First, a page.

I find it hard to follow movies in which people do anything other than talk. I have never understood what is happening in a James Bond film. I have watched Tinker Tailor Soldier Spy three times now, and it remains opaque to me. I fall asleep every time I try to watch The Bourne Identity, out of fear that someone will ask me what’s going on. I sat through the whole of The Departed believing Matt Damon and Leonardo DiCaprio to be the same person. The main thing that I am is confused.
In spite of all this, I have always known that M. is the best one. It is a constant in my life. She is the cleverest and the funniest and the most good. She has the best stories. I would like very much to climb into her head for a day and just walk around in there, picking stuff up. I would be very careful, sure to put everything back exactly where I found it. But I would look at it all very hard. I have never found a person to be so interesting. The other day she was trying out alarm tones on her phone. There was one where a Christian-rock band plays the opening chords to a mellow but rousing anthem. She dismissed it. This one sucks. There was one that was a kind of a blues song that everyone knows but is unable to name. M. listened to it for a while. She said That’s you, in a big wooden house with a St. Bernard and all these tiny kids around. You all come downstairs for breakfast at the same time. That’s the opening credits of the movie. The last one she listened to was in the vicinity of lounge music. It is called “By the seaside”. She said That’s you and a bunch of cockroaches doing a dance. You are all wearing aprons. The cockroaches have long eyelashes. What I am trying to say is that this is a person with a superior mind. Living together has only reassured me of this. I always knew.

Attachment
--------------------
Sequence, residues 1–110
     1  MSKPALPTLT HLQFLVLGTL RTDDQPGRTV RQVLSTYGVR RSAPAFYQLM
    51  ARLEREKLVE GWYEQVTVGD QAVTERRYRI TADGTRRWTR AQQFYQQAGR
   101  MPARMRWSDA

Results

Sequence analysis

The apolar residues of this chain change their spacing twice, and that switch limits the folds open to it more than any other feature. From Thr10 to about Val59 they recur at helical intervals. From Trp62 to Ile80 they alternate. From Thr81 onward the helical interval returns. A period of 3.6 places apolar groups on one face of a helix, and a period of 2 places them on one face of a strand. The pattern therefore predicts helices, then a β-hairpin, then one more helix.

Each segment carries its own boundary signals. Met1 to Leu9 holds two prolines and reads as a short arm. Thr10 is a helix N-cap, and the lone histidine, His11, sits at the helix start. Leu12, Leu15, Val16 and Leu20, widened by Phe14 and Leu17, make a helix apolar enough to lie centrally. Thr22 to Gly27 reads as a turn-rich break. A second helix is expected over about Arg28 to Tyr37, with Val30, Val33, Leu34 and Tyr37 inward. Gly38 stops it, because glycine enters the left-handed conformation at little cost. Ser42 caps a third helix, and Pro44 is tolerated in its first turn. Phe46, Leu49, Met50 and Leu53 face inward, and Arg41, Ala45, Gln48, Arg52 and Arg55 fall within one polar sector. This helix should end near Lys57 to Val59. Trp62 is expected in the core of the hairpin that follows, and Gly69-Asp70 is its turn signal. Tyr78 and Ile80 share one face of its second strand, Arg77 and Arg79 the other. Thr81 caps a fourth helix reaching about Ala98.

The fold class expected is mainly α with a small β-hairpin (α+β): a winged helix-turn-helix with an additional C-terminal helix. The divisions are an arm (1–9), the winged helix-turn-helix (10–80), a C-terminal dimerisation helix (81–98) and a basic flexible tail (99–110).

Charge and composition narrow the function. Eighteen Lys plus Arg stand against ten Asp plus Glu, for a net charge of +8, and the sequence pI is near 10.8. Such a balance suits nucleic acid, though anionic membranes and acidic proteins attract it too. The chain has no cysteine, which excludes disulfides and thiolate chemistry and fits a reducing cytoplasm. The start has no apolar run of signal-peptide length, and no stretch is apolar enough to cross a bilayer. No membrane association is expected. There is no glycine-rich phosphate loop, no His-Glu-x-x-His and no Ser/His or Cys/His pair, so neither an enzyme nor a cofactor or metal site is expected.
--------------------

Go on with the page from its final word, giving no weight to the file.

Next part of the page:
Still, there is a certain bracing novelty to what is going on here. There are a few surprises. The first one is waking up every day and thinking Things are fine here and actually much more than fine. I was sure that the best among us have dread as their constant companion. A spindly dog yipping spasmodically beside them wherever they go. The dog is barking out YOU ARE FUCKED NOW in Morse code. I thought this was the way of things. But now I must adjust my views, or at least shuffle them around in order to accommodate the possibility of everyday happiness.